At least 80 of the 5570 mammal species have gone extinct in the past five centuries, a rate higher than that documented for past mass extinctions.

The study’s authors argued the picture becomes even bleaker when adding the currently endangered species. Should they disappear, 75 percent of all mammals will be gone in just over three centuries.


In July, professor emeritus at Tohoku University Kunio Kaiho demonstrated a strong correlation between changes in global temperature and the extent of mass extinctions.

Over millions of years, abrupt climate changes and environmental destruction have led to great mass extinctions.

Specifically, according to the study, the largest extinctions occurred when temperatures dropped at least 7 degrees or rose 9 degrees Celsius.

In the case of global warming, nine degrees is almost double the estimate of an earlier study, according to which a 5.2°C increase in average global temperature would result in a mass extinction event comparable to previous ones.

Kaiho, the study’s sole author, claimed: “These results indicate that the greater the climate change, the greater the mass extinction.”

That does not automatically mean that the magnitude of the mass extinction we are approaching will reach the levels of previous ones.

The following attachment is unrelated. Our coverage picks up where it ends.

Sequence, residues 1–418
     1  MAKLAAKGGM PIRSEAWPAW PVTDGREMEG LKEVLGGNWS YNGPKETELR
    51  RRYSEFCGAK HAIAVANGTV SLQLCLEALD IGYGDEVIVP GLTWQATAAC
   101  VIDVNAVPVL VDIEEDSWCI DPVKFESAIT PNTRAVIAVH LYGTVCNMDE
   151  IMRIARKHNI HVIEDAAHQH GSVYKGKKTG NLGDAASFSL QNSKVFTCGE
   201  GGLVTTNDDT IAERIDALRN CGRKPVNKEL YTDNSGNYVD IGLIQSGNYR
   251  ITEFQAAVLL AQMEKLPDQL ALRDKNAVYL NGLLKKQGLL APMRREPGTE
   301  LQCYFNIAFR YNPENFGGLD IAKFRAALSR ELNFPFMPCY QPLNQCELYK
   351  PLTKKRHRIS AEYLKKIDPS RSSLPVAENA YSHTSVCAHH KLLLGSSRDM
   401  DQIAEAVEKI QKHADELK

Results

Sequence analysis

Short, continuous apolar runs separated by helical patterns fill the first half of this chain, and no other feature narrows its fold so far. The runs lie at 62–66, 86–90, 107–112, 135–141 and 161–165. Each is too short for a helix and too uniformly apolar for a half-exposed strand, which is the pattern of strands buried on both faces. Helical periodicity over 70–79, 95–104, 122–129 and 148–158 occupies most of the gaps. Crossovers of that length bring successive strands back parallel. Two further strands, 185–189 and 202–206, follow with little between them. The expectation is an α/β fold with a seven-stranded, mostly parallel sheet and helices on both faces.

A scenario where temperatures rise by nine degrees is estimated to be centuries away at worst.

In perspective, climate warming projections predict a 4.4 degree Celsius increase in temperatures by the end of the century.

Kaiho’s study does not deny the ongoing extinction process, but it does consider the hypothesis that it may be a lower-magnitude extinction, which historically has occurred more frequently.

Bottom line

The 2015 Pulitzer Prize-winning book The Sixth Extinction dealt with mounting evidence the Earth is approaching a sixth great mass extinction. A thesis reiterated by subsequent studies and papers.

Yet, some still reject this version. Denialism converges on the exaggeration of extinction rates and the perspective of the extinction process, considered a part of the evolutionary trajectory of life.

For skeptics, any extinction is offset by an equivalent origin of evolution. Moreover, humans are part of the natural world, and extinctions that occurred at their hands should therefore be considered a natural phenomenon.

Scientists have long concluded that the past five extinctions were productive for creating periods of species evolution, naming the process “creative destruction.”

Creative destruction plays a crucial role in evolutionary concepts. But in the previous five cases, the causes covered a spectrum of natural causes. The current one is human-caused.

The expansion of the human population and its interventions has been exponential over a few centuries, leading to extinction rates about two orders of magnitude higher than usual.

An extensive review of scientific literature on the sixth mass extinction concluded as follows:

“The prognosis for the survival of a large proportion of extant species is not good.[…] Denying the crisis, accepting it and doing nothing about it, or embracing it and manipulating it for the fickle benefit of people, defined no doubt by politicians and business interests, is an abrogation of moral responsibility.”